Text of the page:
Shortly after arriving, the team will take control of the vehicle from Boeing and go through system power-ups and fueling. Whitmore and Wilmore will make their way to the pad and get strapped in roughly three hours before launch, too.

two astronauts in blue flight suits walk down a ramptwo astronauts in blue flight suits walk down a ramp

two astronauts in blue flight suits walk down a ramp

“I’ll be talking to them [the crew], talking to their personnel who are strapping them in, making sure that the complex systems are working, and also that all this simple stuff is working,” Kutryk said. “You’ll hear us talking about, ‘Can you reach this? Can you reach that? And we’ll be doing pressure checks on the vehicle, pressure checks on the suits. Hundreds of pages of technical verification procedures.”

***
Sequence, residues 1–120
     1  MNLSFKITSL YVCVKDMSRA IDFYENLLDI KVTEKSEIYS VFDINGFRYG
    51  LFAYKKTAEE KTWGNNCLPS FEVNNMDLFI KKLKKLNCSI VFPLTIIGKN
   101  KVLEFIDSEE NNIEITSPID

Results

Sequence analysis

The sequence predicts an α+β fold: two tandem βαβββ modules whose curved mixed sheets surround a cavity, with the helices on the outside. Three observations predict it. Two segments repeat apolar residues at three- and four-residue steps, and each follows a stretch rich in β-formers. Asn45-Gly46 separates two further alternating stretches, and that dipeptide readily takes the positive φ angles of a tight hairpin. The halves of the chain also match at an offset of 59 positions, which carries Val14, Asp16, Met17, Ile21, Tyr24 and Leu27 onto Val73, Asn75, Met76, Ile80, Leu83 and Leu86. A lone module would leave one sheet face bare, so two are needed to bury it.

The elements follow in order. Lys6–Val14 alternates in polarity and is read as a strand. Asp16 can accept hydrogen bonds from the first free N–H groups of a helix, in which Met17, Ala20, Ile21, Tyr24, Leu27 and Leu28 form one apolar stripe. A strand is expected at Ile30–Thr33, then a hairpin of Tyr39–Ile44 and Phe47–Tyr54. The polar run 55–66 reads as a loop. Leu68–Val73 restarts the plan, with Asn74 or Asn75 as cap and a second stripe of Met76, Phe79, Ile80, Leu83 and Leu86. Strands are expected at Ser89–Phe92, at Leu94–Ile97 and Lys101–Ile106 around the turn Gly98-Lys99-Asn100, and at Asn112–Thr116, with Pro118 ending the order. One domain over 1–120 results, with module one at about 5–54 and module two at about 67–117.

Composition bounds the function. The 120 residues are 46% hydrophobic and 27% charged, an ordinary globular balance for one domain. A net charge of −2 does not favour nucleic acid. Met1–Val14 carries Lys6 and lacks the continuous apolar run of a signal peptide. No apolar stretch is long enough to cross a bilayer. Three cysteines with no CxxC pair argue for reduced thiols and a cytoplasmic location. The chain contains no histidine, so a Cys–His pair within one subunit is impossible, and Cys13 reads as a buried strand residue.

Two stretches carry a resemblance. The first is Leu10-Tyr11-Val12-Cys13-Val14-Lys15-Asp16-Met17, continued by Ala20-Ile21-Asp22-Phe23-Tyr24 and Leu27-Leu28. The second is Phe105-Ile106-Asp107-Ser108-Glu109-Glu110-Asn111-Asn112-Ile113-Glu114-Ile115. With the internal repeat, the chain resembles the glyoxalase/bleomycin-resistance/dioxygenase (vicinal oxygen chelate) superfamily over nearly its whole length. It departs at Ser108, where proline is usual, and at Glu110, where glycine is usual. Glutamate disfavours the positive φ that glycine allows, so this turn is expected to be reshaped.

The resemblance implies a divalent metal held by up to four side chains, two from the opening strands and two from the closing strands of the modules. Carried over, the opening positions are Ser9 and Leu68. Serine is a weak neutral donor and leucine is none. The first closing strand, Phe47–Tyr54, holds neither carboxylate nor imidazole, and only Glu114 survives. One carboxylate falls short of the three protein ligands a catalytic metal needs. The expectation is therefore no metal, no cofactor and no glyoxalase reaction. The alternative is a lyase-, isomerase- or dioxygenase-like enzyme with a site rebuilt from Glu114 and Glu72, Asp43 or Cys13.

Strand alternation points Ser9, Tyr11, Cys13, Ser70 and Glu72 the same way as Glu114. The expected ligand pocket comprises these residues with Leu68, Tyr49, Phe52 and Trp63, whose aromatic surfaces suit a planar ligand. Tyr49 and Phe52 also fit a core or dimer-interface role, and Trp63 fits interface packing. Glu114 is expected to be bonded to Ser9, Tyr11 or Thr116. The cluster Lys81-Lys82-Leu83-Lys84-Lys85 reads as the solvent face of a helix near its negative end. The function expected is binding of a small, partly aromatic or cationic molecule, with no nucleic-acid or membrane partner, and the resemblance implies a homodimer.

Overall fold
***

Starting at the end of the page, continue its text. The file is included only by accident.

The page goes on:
Through launch, part of what the team will monitor is whether they need to abort at several sites in the Atlantic Ocean. Assuming all goes to plan, Starliner will be authorized to do an orbital insertion engine burn about roughly 31 minutes after launch. Kutryk said that moment will be “really critical for the whole mission” because it will put the astronauts in a “sustainable, safe orbit. After that, we have a lot more options, a lot more flexibility, a lot more time to deal with anything … that’s really the job of this ascent team.”